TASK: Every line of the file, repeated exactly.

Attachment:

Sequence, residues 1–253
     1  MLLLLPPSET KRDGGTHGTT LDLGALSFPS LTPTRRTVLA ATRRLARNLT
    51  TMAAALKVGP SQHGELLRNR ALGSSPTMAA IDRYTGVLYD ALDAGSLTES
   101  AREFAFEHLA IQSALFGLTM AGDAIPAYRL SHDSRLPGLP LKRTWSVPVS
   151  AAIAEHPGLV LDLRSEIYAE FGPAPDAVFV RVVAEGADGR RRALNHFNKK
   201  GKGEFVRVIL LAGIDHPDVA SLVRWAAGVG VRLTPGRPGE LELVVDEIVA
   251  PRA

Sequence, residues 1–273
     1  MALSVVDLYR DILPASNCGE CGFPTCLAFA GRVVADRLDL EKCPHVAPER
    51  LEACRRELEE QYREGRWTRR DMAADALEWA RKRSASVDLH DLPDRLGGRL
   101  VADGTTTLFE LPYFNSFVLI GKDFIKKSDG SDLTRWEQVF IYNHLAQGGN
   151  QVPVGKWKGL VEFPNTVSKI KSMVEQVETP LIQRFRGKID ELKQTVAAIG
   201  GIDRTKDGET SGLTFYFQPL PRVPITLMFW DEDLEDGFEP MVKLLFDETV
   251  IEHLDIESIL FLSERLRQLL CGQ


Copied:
Sequence, residues 1–253
     1  MLLLLPPSET KRDGGTHGTT LDLGALSFPS LTPTRRTVLA ATRRLARNLT
    51  TMAAALKVGP SQHGELLRNR ALGSSPTMAA IDRYTGVLYD ALDAGSLTES
   101  AREFAFEHLA IQSALFGLTM AGDAIPAYRL SHDSRLPGLP LKRTWSVPVS
   151  AAIAEHPGLV LDLRSEIYAE FGPAPDAVFV RVVAEGADGR RRALNHFNKK
   201  GKGEFVRVIL LAGIDHPDVA SLVRWAAGVG VRLTPGRPGE LELVVDEIVA
   251  PRA

Sequence, residues 1–273
     1  MALSVVDLYR DILPASNCGE CGFPTCLAFA GRVVADRLDL EKCPHVAPER
    51  LEACRRELEE QYREGRWTRR DMAADALEWA RKRSASVDLH DLPDRLGGRL
   101  VADGTTTLFE LPYFNSFVLI GKDFIKKSDG SDLTRWEQVF IYNHLAQGGN
   151  QVPVGKWKGL VEFPNTVSKI KSMVEQVETP LIQRFRGKID ELKQTVAAIG
   201  GIDRTKDGET SGLTFYFQPL PRVPITLMFW DEDLEDGFEP MVKLLFDETV
   251  IEHLDIESIL FLSERLRQLL CGQ